*Trigger Warning: discussion around personal experience of grief and loss related to suicide*
Laura | Toronto, ON | Federal Public Servant
My dad killed himself in 2013, less than a week after his 42nd birthday. I was 21. Nobody saw it coming. My dad made several poor financial decisions, dug himself into a hole he didn’t feel like he could escape from and didn’t feel like he could tell anyone about. He died by carbon monoxide poisoning in his car, in which he’d sealed up the windows and doors, alone on a dirt road around an hour from my family home. Two police officers found him, as we’d reported him missing the day before. They knocked on the door, told us the news, stood in the foyer awkwardly for a few moments, and left.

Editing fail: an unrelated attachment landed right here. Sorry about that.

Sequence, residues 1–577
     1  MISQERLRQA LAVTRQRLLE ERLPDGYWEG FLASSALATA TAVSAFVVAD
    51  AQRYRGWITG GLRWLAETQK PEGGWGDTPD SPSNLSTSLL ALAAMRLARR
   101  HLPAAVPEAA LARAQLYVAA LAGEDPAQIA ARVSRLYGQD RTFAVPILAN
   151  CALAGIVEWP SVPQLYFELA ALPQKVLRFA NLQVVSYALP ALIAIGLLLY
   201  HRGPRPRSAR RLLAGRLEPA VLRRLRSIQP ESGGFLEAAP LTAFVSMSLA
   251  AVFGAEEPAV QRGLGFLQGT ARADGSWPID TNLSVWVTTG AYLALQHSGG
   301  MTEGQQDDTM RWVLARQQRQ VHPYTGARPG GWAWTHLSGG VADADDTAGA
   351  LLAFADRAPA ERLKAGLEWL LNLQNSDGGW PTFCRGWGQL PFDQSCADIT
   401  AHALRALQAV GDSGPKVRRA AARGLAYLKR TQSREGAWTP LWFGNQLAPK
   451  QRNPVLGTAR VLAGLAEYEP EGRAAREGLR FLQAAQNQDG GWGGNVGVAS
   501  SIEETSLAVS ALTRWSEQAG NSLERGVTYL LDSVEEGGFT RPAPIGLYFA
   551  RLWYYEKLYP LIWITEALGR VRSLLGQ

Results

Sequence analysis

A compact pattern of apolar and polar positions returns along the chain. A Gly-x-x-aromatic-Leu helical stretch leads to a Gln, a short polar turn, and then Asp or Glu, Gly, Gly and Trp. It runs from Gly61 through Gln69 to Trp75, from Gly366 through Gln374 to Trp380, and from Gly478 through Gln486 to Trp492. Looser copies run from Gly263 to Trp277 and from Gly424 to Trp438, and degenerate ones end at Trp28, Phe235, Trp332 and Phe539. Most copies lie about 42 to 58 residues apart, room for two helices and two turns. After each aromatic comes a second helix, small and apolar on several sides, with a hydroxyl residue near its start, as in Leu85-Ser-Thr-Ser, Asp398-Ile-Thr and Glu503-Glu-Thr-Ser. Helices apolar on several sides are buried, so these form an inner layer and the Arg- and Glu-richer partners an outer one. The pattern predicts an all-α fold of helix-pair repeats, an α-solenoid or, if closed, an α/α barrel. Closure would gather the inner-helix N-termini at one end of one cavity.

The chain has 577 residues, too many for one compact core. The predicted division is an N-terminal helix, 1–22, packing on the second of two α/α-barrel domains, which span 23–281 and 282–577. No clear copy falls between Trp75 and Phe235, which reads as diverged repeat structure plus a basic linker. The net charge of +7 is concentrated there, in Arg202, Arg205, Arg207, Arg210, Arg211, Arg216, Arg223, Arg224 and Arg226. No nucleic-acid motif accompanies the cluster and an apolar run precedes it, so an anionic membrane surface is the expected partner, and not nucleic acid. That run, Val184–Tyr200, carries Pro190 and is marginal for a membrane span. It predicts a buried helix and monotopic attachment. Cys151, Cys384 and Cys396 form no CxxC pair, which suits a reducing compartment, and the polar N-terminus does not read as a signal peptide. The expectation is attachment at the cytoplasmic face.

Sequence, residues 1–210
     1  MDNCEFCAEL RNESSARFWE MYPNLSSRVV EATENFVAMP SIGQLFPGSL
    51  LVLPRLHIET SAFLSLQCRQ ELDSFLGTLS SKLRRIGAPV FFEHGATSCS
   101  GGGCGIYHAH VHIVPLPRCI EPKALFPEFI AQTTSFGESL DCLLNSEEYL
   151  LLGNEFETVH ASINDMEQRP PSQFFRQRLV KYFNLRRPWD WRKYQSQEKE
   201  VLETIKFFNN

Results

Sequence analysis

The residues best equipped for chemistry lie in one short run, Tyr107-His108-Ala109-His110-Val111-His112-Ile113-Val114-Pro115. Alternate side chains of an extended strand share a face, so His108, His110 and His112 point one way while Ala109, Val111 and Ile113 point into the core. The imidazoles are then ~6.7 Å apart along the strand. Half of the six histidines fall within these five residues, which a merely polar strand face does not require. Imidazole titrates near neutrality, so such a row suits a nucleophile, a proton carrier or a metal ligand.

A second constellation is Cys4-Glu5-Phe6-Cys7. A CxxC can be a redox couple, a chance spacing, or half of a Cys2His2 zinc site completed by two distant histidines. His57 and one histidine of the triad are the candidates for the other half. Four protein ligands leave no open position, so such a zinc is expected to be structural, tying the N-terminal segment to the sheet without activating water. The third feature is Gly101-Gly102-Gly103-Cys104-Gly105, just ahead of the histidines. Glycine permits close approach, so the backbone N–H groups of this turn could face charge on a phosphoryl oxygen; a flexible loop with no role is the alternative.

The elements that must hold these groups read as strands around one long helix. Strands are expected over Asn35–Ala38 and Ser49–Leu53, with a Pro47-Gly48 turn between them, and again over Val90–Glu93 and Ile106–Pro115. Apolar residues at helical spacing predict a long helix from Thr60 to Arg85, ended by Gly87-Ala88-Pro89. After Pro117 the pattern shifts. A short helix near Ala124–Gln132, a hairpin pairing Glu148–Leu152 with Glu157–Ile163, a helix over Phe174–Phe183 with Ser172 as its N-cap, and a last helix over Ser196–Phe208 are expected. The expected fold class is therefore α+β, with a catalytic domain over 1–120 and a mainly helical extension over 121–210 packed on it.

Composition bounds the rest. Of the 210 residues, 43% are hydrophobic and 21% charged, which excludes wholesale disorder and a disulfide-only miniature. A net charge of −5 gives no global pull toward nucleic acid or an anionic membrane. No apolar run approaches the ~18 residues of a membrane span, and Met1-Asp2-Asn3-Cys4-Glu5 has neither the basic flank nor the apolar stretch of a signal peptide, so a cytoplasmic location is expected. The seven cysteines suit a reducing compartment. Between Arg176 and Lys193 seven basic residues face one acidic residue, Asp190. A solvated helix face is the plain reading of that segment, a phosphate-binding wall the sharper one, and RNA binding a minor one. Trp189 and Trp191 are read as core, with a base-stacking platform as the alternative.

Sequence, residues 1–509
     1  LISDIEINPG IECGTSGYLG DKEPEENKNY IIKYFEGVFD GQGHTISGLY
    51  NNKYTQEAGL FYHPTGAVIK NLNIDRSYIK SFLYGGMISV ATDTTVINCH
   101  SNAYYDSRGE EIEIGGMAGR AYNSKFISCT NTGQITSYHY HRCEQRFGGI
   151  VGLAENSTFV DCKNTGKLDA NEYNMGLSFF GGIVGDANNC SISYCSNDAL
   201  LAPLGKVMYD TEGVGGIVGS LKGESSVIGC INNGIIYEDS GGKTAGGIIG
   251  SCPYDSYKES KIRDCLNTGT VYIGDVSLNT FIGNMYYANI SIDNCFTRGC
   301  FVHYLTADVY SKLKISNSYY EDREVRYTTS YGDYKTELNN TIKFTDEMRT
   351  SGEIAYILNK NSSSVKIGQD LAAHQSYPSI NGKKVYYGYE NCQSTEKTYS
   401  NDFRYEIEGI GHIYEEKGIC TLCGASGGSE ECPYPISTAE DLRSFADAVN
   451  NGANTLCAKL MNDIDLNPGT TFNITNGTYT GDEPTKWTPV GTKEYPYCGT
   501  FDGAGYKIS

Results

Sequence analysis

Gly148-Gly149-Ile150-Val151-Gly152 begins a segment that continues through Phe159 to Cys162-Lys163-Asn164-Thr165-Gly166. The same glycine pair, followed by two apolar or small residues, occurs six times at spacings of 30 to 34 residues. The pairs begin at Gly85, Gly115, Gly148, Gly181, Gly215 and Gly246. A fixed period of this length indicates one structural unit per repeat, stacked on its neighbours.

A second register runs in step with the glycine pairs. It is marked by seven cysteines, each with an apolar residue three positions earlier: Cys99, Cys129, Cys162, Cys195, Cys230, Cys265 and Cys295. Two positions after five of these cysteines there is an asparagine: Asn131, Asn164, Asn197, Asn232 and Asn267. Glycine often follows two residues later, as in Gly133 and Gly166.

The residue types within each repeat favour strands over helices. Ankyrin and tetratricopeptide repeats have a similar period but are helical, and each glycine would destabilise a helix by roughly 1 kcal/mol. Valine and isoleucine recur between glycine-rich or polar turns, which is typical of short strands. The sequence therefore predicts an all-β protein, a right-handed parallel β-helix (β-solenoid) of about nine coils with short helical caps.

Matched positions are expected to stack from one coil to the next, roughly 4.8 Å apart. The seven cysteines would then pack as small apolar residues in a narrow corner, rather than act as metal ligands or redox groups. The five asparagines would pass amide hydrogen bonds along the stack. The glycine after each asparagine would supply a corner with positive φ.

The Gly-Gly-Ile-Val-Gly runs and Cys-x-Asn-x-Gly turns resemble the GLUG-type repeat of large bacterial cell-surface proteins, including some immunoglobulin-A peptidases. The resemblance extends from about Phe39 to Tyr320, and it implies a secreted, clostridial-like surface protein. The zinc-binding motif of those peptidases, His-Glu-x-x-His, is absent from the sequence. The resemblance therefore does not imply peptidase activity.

My father’s death blindsided me and my family—my mom and my five younger siblings. We were shocked, angry, and, most of all, scared. I remember an overwhelming feeling of fear, as if I was suddenly in danger, for some reason. We tried frantically to piece together hints or signs we’d noticed before it happened, but it was futile. Nobody knew anything. Did he seem upset? Was he smiling when he left for work? Did he say anything weird? Was he acting normal? In fact, my dad had called me the day he went missing. He said, “I just wanted to tell you that I love you!” and I said “I love you too!” and that was it. I hung up and went to class. That was the last time I spoke to him. I didn’t think much of it until I found out that I was the only family member he’d called that day. Then I tried to sort out clues. Was that meant as a hint for me, a hidden message? Should I have asked him if he was okay? Could I have stopped it? These types of questions are so prevalent, so common, so unending, for people who have lost a loved one to suicide. We wonder if we could have seen it coming or if we could have helped prevent what happened. We feel guilt. We feel shame. We feel anger. And, inexplicably, we feel at fault. I know now that there’s nothing I or anyone in my family could have done, and it took me several years to come to terms with that fact.